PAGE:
Kirk Liemohn is a Principal Software Engineer in the Transformation Practice at ThreeWill. He has spent nearly a decade helping clients transform and migrate their content from one platform to another (typically to Microsoft 365) with a focus on the more complex scenarios. Prior to his transformation focus, Kirk led several key SharePoint integrations at ThreeWill including Jive, Polycom, and Confluence.
|In 2009 ThreeWill worked directly with Jive’s engineering team to create a SharePoint connector for Jive. As our client’s needs changed, ThreeWill began migrating customers from Jive to SharePoint (and subsequently Microsoft 365). As our clients went through these complex platform migrations, we identified repeatable content mapping patterns, as well as the need to support the “modern user experience” in M365. This inspired ThreeWill to create specific tools and processes for cloud migrations. In this new blog post series, we highlight some of these capabilities. In this first post, I want to highlight our ability to get content over to M365 and maintain the fidelity of the data.|
Fidelity of Migrated Content
In an ideal world, when you move content from one system to another, the content looks exactly the same. However, when you have disparate systems, such as Jive and Microsoft 365, you can’t necessarily count on that. Outside of uploaded files (e.g., Office documents, images, videos) Jive stores the body of the content and comments in HTML. Microsoft 365 can, in general, handle HTML. But the devil is in the details.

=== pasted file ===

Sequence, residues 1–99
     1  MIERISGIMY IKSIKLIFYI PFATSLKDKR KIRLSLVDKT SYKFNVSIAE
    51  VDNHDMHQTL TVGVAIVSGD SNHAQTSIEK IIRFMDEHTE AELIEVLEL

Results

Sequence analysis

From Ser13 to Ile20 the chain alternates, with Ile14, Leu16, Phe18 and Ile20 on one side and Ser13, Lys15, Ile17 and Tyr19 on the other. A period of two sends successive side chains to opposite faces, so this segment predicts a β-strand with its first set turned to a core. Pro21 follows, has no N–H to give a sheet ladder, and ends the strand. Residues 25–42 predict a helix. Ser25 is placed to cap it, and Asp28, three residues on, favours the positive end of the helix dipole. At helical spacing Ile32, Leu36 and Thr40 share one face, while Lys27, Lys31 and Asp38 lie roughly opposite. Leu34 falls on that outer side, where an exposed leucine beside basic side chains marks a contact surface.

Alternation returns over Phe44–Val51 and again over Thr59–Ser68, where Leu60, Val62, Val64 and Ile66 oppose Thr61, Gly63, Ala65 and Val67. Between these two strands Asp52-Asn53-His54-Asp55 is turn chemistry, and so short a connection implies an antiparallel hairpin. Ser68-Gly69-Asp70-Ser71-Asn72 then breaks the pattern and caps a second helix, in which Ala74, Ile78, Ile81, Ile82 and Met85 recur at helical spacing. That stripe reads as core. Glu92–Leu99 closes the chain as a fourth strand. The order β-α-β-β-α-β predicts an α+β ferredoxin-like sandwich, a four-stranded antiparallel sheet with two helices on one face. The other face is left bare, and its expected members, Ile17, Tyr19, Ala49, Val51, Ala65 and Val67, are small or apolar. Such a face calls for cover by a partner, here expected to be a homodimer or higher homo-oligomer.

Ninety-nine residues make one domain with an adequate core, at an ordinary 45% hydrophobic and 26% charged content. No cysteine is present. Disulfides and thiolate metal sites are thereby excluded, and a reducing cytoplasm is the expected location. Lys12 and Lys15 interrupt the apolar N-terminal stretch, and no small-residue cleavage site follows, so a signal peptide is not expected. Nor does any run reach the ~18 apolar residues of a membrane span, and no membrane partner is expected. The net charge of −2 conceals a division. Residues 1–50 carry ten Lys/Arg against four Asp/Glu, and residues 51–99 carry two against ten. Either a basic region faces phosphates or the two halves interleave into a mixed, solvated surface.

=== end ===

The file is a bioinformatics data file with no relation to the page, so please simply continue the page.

If you are migrating content to a SharePoint Site Pages library, you must put that content into a SharePoint web part. The closest available web part Microsoft makes available for this content is the Text web part. This web part can handle simple formatting of data like font style/color, tables, bullets, and indentation, but does not allow several features that are available when authoring Jive content; the primary one being images. I guess Microsoft feels that there is a separate web part for that, but then if you want to have an image in line with your other content (say in a table cell), that isn’t possible, at least not as a user editing a page.
It turns out that we can (and have) migrated to the Text web part and our migration utilities are able to migrate the images. The user can edit the content, but can’t add more images. This works fairly well, but there are pitfalls with the way the content is styled.
One of those pitfalls with the Text web part is that if a user edits the content and saves it, you will lose a lot of the styling that came over from the migration. Here is a picture of what this looks like before/after a user edits the content in the Text web part:
Granted, users don’t necessarily edit content as often as it is authored, but it certainly does happen. For this reason, we created our own custom Enhanced Text web part that can be used for migrations. It has a much more full-featured editor and doesn’t lose any styling after editing:
There can still be styling issues if the content in Jive is relying on jive.css which is a stylesheet that is not in SharePoint. However, we find that substantive differences are pretty rare for content (users would likely have edited the HTML directly).
When you work with ThreeWill you can decide whether to use the out-of-the-box Text web part or the Enhanced Text web part. You can also decide if the Enhanced Text web part is hidden in the web part gallery (so users can or cannot add it to pages themselves).
I’m sure you care about the fidelity of your data during a migration. Contact us if you want to learn more about how we try to make sure you don’t lose anything when migrating from Jive to Microsoft 365.